Stock splits used to be much more common, but the rise of fractional shares in brokerage accounts has nullified that practice, especially in the U.S. However, some companies have split their stocks recently (like Tesla, Alphabet, and Amazon) to make stock options a more accessible form of compensation to employees. All three of these companies' stocks were trading above $1,000 when this split occurred, making this a standard threshold for determining if a company should split its stock.

One stock that may be close to splitting is MercadoLibre (MELI 0.74%), which currently sits at around $1,000 per share. However, the stock is also more than 50% below its all-time high after almost eclipsing the $2,000 mark in January 2021. While MercadoLibre may be reaching a point where it could split, the business is also executing at a high level, despite what its stock chart looks like.

Stock splits are an indication of a growing company

Why do investors look for stock splits? It's pretty simple: The only reason to split your stock is if the price has gone too high. How does a stock price increase? The business grows with solid execution and has further growth on the horizon.

MercadoLibre's business certainly fits the bill for that criteria.

It is Latin America's top e-commerce provider and has its hands in multiple steps in the process. First, a consumer buys an item listed on MercadoLibre's commerce platform; then, they might pay with Mercado Pago, its digital wallet. On that digital wallet may be a credit card issued from the Mercado Credito division. Finally, the package gets delivered to the buyer using Mercado Envios, the shipping logistics segment.

An investment in MercadoLibre is an investment in the growth of Latin America. This is inherently risky, as you're dealing with 18 countries with more volatile governments and currencies than the U.S. However, the opportunity is immense because of the 650 million people in this region.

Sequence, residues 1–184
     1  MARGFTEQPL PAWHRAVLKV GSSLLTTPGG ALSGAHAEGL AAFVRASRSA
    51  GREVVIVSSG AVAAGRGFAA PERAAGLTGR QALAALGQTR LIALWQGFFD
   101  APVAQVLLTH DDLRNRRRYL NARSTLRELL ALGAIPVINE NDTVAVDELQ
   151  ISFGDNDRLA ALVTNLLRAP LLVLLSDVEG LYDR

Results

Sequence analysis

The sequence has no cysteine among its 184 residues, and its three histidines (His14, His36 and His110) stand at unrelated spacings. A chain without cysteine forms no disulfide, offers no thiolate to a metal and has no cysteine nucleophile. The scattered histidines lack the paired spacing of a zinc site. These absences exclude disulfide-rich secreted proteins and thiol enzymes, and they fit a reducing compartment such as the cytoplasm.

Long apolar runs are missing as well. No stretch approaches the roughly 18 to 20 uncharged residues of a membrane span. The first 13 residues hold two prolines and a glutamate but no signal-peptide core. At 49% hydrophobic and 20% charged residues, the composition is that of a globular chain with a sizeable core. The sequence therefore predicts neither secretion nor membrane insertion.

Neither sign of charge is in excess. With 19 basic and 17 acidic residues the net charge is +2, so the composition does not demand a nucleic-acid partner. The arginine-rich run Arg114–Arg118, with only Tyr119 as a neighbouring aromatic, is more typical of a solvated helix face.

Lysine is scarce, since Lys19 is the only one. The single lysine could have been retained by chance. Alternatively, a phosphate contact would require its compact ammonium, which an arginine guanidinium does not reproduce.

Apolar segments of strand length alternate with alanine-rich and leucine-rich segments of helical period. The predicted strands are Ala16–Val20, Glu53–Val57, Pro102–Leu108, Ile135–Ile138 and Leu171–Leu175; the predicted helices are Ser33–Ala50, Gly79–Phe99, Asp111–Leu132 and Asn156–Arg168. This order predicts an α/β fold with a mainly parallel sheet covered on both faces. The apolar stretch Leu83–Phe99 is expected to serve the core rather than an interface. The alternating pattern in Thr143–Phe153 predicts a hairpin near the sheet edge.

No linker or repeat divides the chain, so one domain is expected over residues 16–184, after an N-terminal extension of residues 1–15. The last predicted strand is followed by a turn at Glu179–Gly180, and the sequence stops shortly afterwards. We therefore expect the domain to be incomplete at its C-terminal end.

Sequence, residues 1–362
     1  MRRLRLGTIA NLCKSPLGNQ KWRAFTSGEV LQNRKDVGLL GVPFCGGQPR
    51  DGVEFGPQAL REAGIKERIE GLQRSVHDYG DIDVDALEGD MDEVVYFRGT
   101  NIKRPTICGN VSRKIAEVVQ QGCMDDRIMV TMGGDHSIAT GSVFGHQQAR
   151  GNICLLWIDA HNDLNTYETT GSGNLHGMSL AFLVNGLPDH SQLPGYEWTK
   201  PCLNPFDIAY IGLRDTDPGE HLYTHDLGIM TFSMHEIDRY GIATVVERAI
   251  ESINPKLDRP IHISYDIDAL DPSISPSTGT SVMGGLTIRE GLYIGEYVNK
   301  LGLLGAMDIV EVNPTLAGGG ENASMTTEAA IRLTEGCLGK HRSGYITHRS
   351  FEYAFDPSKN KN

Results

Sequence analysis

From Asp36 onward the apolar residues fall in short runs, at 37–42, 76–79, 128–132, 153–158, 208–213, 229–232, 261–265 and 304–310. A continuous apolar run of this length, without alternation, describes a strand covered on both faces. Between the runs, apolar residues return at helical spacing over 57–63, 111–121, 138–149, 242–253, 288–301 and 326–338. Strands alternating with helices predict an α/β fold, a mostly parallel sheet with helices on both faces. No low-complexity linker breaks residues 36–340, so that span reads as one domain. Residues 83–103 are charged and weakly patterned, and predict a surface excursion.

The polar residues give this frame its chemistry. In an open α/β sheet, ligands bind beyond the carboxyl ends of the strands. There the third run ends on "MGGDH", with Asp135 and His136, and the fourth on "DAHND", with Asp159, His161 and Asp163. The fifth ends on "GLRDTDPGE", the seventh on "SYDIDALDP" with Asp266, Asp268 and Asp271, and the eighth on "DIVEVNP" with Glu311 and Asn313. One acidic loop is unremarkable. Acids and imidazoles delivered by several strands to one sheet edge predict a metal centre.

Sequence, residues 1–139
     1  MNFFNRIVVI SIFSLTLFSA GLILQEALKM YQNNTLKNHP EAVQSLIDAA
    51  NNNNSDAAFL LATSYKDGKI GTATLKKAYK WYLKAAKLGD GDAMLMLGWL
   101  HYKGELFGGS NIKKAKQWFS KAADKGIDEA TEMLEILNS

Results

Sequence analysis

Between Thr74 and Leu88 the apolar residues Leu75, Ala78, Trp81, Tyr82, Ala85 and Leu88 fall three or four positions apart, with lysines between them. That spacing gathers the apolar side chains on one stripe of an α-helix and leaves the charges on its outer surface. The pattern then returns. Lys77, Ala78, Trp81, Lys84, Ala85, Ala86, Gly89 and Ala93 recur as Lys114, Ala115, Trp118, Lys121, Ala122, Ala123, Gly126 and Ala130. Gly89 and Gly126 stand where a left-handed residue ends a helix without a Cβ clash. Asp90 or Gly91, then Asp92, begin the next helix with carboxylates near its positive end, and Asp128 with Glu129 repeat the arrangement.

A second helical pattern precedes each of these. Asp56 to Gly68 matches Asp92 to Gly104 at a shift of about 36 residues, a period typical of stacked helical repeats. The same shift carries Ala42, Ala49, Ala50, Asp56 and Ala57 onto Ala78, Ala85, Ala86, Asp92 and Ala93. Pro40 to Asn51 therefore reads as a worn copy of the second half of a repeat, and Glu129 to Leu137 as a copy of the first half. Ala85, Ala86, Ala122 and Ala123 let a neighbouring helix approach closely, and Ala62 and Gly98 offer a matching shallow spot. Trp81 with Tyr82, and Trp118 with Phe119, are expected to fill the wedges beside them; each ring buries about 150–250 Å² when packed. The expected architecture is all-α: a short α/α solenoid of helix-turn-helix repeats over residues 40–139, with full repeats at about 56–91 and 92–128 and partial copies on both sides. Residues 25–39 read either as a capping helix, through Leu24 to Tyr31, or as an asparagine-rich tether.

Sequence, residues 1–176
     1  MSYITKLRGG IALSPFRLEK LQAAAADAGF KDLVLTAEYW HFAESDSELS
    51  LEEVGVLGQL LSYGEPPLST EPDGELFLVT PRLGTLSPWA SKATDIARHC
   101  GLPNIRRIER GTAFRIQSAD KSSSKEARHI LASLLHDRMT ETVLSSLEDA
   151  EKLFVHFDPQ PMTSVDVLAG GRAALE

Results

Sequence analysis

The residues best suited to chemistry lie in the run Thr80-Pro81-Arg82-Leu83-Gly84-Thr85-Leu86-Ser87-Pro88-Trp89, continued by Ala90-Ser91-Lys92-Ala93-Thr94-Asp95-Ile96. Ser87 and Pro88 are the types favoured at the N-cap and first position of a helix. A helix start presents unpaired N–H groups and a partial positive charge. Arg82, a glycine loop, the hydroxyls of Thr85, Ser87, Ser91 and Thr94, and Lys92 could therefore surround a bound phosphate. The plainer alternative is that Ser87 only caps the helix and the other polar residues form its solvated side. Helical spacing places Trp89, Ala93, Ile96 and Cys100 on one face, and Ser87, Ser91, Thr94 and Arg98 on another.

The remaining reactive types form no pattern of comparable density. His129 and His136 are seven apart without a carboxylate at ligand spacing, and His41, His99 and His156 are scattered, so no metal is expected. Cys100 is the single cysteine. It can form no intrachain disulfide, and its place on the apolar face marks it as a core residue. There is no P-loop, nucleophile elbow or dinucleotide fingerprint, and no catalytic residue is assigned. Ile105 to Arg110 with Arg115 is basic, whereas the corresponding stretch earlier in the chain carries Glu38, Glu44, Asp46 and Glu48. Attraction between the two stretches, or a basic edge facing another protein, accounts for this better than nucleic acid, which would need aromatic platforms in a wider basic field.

This region is also ripe for growth, which MercadoLibre's financials indicate.

Growth across the board

MercadoLibre's business is a tale of two segments: commerce and fintech. While commerce is larger, fintech is growing at a faster rate.

Segment Q3 Revenue YOY Growth Rate
Commerce $1.465 billion 33%
Fintech $1.225 billion 115%

Data source: MercadoLibre. YOY: year-over-year.

Combined, MercadoLibre grew its revenue at a 61% clip to $2.69 billion in Q3. That's an astounding rate, but MercadoLibre's fintech growth will slow in the coming quarters. Management has expressed that it is slowing the growth of its consumer and merchant credit products. It's doing this to mitigate risk, as it is seeing a rise in its past-due debt. However, demand for lending products remains strong, and growth can quickly return to this segment when management feels it is prudent to do so.

Still, MercadoLibre's core fintech business continues to see strong total payment volume growth, rising a currency-neutral 76% in Q3. The platform also added 10 million unique fintech users, up from 31.6 million last year.

Moving to commerce, MercadoLibre only sold 9% more items in Q3, but its gross merchandise volume rose 32% year over year. This indicates that the price of goods is rising or consumers are purchasing more expensive items. Either way, a higher volume allows MercadoLibre to scrape more from each transaction, causing its commerce revenue to rise.

MercadoLibre is also profitable, although it continues to reinvest in itself heavily. With a 4.8% profit margin, the bottom line has plenty of room to expand. Because of this, investors should value MercadoLibre using a price-to-sales or price-to-free-cash-flow ratio.

MELI Price to Free Cash Flow Chart

MELI Price to Free Cash Flow data by YCharts

At 31 times free cash flow, the stock isn't cheap. But it's not alone in this valuation. Home Depot has consistently traded around 30 times cash flow over the past few years. As a point in MercadoLibre's favor, it's also growing much faster than Home Depot, indicating the stock could be undervalued.

When you look at MercadoLibre's stock from a price-to-sales standpoint, it's pretty clear it is undervalued.

MELI PS Ratio Chart

MELI PS Ratio data by YCharts

At five times sales, MercadoLibre is valued at its lowest point since the bottom of the Great Recession. However, with the company steadily growing (and projected to grow 22.5% next year, according to the average analyst), the outlook doesn't seem as dire as it did in March 2009.

MercadoLibre's stock is undervalued, and the business is growing. This makes the stock an excellent candidate to explode higher, even to the point of needing a stock split. As a result, I'm a strong buyer of MercadoLibre's stock, as the long-term outlook for this company is strong.